Developed by Humanities Texas in partnership with Houston Public Media, Texas Originals features profiles of individuals whose life and achievements have had a profound influence upon Texas history and culture. The program is also broadcast on public and commercial radio stations throughout Texas.
Henry B. González
Born in 1916, Henry B. González was the first Mexican American to represent Texas in Congress. An expert on the nation's banking system, he oversaw the 1989 savings and loan bailout, the worst financial crisis since the Great Depression. He also led efforts to overhaul public housing and increase transparency at the Federal Reserve. González was reelected eighteen times and became the longest-serving Hispanic member of Congress.
Walter Prescott Webb
Born in 1888, Walter Prescott Webb remains one of Texas's most significant and influential scholars. Webb taught at The University of Texas throughout his career. He served as director of the Texas State Historical Association and spearheaded the creation of The Handbook of Texas, the definitive encyclopedia of the state's history. In 1950, a survey of historians identified his 1931 study The Great Plains as the single most important work in U.S. history written since the turn of the century.
James L. Farmer Jr.
Civil rights leader James Farmer was born in Marshall, Texas, in 1920. Though he originally planned to become a Methodist minister, the influence of legendary teacher Melvin Tolson—and segregation within the church—led Farmer to activism. In 1942, Farmer organized the Congress of Racial Equality (CORE) in Chicago. A decade before the civil rights movement made headlines, CORE followed Gandhian principles of nonviolent direct action to fight racial discrimination, pioneering the tactics that eventually dismantled segregation in the South.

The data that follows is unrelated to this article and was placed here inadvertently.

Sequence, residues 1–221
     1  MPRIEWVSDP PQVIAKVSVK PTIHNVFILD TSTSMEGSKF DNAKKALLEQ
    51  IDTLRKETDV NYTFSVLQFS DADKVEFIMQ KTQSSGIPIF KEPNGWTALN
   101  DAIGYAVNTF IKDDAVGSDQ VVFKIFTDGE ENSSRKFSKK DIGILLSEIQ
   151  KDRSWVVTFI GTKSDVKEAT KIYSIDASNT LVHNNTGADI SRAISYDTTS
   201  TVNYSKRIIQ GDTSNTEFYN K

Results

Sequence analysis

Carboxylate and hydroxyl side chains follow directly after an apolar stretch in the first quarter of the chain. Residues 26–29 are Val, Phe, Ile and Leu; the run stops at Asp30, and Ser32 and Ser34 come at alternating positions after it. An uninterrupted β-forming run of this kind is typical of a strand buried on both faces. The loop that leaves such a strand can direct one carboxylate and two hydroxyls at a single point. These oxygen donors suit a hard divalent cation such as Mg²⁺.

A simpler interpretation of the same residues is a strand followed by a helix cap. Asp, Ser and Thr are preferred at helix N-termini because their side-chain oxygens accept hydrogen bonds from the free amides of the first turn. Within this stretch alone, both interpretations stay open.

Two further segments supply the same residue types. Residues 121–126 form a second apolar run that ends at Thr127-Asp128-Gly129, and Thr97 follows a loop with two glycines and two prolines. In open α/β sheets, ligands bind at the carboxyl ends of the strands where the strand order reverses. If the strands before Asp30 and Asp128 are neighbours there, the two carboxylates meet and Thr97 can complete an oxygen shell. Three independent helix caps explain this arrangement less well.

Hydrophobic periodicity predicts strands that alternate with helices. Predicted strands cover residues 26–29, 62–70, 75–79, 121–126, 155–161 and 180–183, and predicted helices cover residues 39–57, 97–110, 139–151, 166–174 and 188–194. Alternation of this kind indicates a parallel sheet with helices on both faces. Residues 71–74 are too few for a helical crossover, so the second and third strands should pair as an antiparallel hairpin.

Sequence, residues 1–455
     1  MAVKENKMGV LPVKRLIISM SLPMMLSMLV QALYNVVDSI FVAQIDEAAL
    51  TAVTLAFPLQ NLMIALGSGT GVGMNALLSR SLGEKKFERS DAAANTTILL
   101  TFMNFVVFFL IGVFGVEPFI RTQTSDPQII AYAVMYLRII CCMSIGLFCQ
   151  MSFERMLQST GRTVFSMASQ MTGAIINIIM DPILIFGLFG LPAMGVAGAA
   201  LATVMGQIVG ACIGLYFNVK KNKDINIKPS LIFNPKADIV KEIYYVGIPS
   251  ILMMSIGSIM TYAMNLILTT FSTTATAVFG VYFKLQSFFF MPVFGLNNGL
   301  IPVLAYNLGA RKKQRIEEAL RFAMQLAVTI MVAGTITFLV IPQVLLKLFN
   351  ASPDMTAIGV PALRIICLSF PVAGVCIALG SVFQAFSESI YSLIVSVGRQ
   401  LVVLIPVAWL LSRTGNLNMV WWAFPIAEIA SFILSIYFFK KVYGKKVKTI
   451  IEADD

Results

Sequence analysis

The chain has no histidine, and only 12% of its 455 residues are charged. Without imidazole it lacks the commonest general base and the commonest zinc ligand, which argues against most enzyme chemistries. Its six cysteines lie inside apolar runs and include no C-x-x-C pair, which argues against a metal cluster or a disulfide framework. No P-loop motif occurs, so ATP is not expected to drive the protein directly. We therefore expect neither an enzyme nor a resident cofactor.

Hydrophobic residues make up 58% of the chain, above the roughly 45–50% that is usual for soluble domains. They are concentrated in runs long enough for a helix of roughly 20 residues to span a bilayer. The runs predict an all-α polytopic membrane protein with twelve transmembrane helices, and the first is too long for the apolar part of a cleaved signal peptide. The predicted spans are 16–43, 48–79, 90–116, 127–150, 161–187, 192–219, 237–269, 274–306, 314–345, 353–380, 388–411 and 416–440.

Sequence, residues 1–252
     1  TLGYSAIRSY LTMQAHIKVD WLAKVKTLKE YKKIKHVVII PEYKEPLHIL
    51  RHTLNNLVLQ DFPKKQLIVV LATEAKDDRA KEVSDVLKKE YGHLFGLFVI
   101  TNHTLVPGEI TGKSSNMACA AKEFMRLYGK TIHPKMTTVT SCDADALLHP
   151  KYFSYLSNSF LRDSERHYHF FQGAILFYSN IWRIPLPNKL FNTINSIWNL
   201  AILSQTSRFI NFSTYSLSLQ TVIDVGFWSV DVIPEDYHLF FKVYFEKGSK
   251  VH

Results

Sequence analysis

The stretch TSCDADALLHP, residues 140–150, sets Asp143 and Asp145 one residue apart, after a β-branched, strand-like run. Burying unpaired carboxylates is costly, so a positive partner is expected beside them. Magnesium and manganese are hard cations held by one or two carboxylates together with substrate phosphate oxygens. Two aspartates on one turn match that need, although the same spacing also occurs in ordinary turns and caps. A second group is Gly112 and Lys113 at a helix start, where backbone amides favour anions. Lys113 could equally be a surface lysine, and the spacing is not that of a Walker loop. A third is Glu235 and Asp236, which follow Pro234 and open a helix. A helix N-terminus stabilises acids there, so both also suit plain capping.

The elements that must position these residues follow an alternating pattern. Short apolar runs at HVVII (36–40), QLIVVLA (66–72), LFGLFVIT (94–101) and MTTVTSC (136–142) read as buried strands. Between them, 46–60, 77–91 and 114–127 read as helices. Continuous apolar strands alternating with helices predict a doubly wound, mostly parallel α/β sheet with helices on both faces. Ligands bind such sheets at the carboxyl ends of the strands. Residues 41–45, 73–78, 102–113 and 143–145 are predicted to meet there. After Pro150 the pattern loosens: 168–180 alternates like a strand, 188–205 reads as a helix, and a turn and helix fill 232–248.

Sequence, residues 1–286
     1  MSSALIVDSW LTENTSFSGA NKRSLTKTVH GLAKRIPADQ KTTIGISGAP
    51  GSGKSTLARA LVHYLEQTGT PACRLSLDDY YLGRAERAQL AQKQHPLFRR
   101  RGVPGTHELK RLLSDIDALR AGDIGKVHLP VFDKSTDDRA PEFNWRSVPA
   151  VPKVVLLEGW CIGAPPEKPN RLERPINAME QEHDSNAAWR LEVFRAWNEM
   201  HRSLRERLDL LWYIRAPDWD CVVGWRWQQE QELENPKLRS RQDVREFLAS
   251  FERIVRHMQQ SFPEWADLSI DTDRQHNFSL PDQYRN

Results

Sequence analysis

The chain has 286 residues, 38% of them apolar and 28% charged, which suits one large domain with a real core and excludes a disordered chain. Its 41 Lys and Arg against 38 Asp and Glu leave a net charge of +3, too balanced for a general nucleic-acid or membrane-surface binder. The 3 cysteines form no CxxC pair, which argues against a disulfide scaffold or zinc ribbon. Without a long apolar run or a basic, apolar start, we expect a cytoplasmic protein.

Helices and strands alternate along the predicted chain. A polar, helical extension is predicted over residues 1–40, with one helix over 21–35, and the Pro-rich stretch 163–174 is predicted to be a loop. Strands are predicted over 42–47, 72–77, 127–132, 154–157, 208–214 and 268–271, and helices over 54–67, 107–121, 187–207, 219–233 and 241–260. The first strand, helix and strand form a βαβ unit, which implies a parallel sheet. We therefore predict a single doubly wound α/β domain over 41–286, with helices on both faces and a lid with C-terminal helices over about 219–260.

Henry Allen Bullock
Henry Allen Bullock devoted his life to advancing African American education in Texas—and made history in the process. His history of African American education in the South earned him the Bancroft Prize. He testified for the inclusion of African American history in Texas history textbooks and served on the Texas advisory committee to the U.S. Civil Rights Commission. In 1969, he became the first African American appointed to the faculty of arts and sciences at The University of Texas at Austin.
The scholar and writer Américo Paredes was born in Brownsville in 1915. Even as a youth, he saw that a distinct culture had emerged in the Rio Grande Valley—not just Mexican or American, but a blend of the two. Paredes made the border the focus of his career. He studied and celebrated the distinctive stories and humor of the lower Rio Grande, at the same time fighting to correct prejudice against Mexicans and Mexican Americans.
Tomás Rivera's career as a writer and educator was shaped by the struggles of his family, who spent much of their lives as farm laborers following the annual harvests from Texas to the Midwest. Rivera's landmark 1971 novel …y no se lo tragó la tierra—or, in English translation, And the Earth Did Not Devour Him—portrays the terrible conditions faced by Mexican American farm workers. Later in life, as a university administrator, Rivera committed himself to supporting first-generation college students such as himself.
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It’s nice but! The music is a lil loud if you could keep the music quieter it would be nice...also keep up the good work!